All addictions change the structure of the living brain. The National Institute on Drug Abuse considers addiction to be a brain disease because addiction changes how the brain works, causing the addicted person to seek out drugs in spite of physical, emotional, and legal consequences. Understanding addiction as a disease has helped to advance opiate addiction treatment. However, many addicted persons still feel deep shame when needing to seek treatment, and often fear that they will be turned over to the police or have to deal with other investigations, loss of jobs, or other consequences. For these addicted persons, opiate addiction treatment in the home under medical supervision is often a viable alternative to inpatient treatment.
Florida Residents and Outpatient Opiate Addiction Treatment
Most people associate detox and rehab with inpatient treatment centers and may be reluctant to seek treatment for fear of missing work, school or other obligations. Undergoing opiate withdrawal and switching to Suboxone allows the patient to remain in a supportive, real-world family atmosphere. At the same time, they can receive professional counseling that helps them to develop a strategy for living after detox. Simply detoxing will not in itself cope with the damage that addiction has inflicted, psychological counseling and sometimes psychiatric intervention may be necessary.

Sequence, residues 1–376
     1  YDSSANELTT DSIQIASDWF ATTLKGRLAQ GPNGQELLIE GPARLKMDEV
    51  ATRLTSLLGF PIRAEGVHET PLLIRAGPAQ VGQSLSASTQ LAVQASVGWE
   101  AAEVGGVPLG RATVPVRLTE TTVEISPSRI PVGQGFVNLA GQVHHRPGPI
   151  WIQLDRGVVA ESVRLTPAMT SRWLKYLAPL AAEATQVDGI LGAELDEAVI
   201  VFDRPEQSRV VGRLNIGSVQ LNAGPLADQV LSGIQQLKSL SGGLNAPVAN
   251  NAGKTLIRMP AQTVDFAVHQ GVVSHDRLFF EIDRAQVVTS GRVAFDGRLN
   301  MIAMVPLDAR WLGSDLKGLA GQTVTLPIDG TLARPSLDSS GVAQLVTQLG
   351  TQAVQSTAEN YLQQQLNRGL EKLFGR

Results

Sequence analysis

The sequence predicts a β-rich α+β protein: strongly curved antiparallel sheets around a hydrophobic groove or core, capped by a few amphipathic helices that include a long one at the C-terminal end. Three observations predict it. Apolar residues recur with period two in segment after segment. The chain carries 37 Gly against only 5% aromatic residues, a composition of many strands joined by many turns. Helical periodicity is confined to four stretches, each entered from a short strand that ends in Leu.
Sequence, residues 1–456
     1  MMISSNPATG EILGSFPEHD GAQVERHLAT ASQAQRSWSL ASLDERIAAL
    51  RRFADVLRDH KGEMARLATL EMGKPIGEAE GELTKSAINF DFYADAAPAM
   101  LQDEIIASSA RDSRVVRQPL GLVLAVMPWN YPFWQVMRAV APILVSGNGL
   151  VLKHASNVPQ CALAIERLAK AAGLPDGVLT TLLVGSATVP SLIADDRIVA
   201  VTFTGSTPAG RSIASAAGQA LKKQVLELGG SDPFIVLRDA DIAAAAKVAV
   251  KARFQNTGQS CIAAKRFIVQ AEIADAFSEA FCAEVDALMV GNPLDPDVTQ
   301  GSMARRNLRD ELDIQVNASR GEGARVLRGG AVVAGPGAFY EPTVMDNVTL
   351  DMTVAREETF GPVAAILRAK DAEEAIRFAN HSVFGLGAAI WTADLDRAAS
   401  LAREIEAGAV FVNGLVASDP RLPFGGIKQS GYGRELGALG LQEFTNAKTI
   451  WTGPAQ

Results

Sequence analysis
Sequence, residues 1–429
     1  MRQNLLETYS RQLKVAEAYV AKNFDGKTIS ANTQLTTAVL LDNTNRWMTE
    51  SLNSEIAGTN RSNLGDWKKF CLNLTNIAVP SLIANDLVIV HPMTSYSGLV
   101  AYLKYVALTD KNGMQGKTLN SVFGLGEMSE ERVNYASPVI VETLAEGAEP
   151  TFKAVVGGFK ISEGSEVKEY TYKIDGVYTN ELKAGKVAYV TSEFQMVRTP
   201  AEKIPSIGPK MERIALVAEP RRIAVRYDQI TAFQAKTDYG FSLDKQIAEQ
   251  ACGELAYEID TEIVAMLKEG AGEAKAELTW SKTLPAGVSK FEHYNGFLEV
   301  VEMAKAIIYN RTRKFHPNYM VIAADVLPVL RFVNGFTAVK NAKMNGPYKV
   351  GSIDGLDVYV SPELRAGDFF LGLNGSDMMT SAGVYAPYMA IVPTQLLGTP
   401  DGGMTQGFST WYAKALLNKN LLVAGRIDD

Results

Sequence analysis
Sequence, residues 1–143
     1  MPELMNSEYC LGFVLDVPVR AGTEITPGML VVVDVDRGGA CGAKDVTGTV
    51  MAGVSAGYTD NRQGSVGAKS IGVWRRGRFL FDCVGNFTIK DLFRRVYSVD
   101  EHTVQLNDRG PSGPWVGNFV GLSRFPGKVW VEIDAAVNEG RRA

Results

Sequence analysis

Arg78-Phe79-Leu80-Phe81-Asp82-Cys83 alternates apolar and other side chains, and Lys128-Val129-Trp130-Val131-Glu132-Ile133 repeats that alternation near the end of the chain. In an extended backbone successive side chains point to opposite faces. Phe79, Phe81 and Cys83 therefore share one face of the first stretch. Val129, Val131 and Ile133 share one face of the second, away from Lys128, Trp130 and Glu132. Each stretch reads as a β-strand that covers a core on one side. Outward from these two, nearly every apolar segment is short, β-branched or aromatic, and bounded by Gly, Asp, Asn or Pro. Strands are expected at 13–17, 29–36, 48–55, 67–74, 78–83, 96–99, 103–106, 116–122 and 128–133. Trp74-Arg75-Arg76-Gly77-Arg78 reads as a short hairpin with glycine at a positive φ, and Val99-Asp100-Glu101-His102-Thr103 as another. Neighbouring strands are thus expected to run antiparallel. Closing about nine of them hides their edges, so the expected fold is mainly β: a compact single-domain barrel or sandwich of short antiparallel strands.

Opiate Addiction Grows More Dangerous
Fentanyl is making its way into many different types of street drugs in Florida, including heroin and cocaine. Initially formulated for use by end-stage cancer patients, this drug is unsafe to users in any dosage. In some states like Tennessee, fentanyl abuse has spiked by 70% – and heroin users are increasingly dying with nonlethal amounts of heroin in their system, but we fill an ounce of fentanyl. When you’re ready to leave dangerous addictions behind, in-home opiate addiction treatment could be your best path into a new life.
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